But John D’Agata, known for his essays and books about writing essays, claims that truth alone matters—how you reach the truth can be less than historically accurate or precisely factual.

One of my biographies falls in that questionable space between nonfiction and fiction. In Noah Webster’s Fighting Words, I wrote about Noah Webster’s first American dictionary in third-person with a light tone that reflects some author presence. 

Then, based on biographical facts and a psychological analysis, I added fun but fictional first-person comments from Noah Webster’s ghost. The book gained humor and playfulness, making it much more interesting for young readers and still true to Webster’s story.

Nodding slightly to Lee Gutkind, I think informational fiction children’s books like mine should not hide what’s made up. Young readers lack the skills, experience, and knowledge necessary to critically evaluate these texts. For example, in my book, the ghost’s comments appear in red and in a different font from the main text.

Incorporating signals so the reader knows to expect fictionalized elements helps ensure understanding. Without those signals, readers might misinterpret facts or blindly accept misinformation. Children’s authors can even use their author presence to illuminate how they’re blending fact and fiction.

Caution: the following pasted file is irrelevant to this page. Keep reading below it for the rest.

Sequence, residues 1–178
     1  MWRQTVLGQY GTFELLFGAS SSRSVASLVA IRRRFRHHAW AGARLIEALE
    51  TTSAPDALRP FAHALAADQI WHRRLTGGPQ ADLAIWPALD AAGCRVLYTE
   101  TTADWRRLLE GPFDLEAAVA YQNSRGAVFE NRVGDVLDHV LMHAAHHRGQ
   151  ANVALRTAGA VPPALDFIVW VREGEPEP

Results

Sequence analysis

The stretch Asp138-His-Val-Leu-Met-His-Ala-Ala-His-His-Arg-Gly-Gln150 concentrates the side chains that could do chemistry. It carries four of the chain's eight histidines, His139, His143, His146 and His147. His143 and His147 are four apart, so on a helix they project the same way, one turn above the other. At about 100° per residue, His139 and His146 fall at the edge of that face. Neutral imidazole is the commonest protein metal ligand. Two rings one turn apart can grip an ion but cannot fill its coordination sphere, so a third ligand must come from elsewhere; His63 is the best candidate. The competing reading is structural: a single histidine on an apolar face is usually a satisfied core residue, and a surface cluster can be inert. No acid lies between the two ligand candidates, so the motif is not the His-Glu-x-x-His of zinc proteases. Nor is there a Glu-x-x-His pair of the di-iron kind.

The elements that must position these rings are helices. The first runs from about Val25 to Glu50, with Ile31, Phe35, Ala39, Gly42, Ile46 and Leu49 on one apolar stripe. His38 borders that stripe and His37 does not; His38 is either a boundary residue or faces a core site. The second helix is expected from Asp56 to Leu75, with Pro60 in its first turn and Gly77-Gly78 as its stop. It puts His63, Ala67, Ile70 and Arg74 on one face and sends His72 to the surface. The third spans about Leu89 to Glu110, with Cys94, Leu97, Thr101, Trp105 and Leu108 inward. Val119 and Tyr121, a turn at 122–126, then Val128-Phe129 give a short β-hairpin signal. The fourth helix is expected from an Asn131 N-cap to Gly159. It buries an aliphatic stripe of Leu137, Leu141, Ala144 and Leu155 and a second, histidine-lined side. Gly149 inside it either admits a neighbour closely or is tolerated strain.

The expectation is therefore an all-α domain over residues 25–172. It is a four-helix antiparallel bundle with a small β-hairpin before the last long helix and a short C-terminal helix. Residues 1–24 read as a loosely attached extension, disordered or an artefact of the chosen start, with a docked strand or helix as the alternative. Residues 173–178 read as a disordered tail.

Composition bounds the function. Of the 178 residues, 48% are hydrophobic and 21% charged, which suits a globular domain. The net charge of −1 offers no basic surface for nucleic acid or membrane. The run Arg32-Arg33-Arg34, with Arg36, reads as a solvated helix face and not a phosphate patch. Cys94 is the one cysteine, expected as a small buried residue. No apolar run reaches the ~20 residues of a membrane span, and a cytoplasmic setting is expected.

Certainly, the idea of author presence isn’t new and this spectrum concept has its faults. However, analyzing books using the spectrum has shown me that most nonfiction books that I love to read now (and I do love to read them!) reveal a lot of author presence. The spectrum also helps to confirm for writers of nonfiction that readers may welcome our presence as we present facts in engaging, compelling, and memorable ways.

Tracy Nelson Maurer has written more than 100 books for children and young adults, including the picture-book biographies John Deere, That's Who! and Samuel Morse, That’s Who! Both books are Junior Library Guild selections and received the National Science Teaching Association’s “Best STEM Book” award. Tracy holds an MFA in Writing for Children and Young Adults from Hamline University, and she continues to study children’s books when she’s not writing them.


  1. The graphic showing the author presence spectrum is a terrific visual way to describe this. And I think the idea of giving the reader clues about what is true and what is fiction is a valid way to address having a nonfiction book contain elements of fiction. Great post, thanks!

  2. A very interesting article! I experienced a jolt when my book, The Kite That Bridged Two Nations won a nonfiction Eureka Award in California. I chose to tell this historical event in the voice of my main subject, so of course it's not nonfiction according to Lee Gutkind's (and my) definition. In the back matter however, I do tell what we know for sure and what we don't know as I wanted readers to be clear about the facts. Your Author Presence Spectrum helps illuminate the classification conundrum.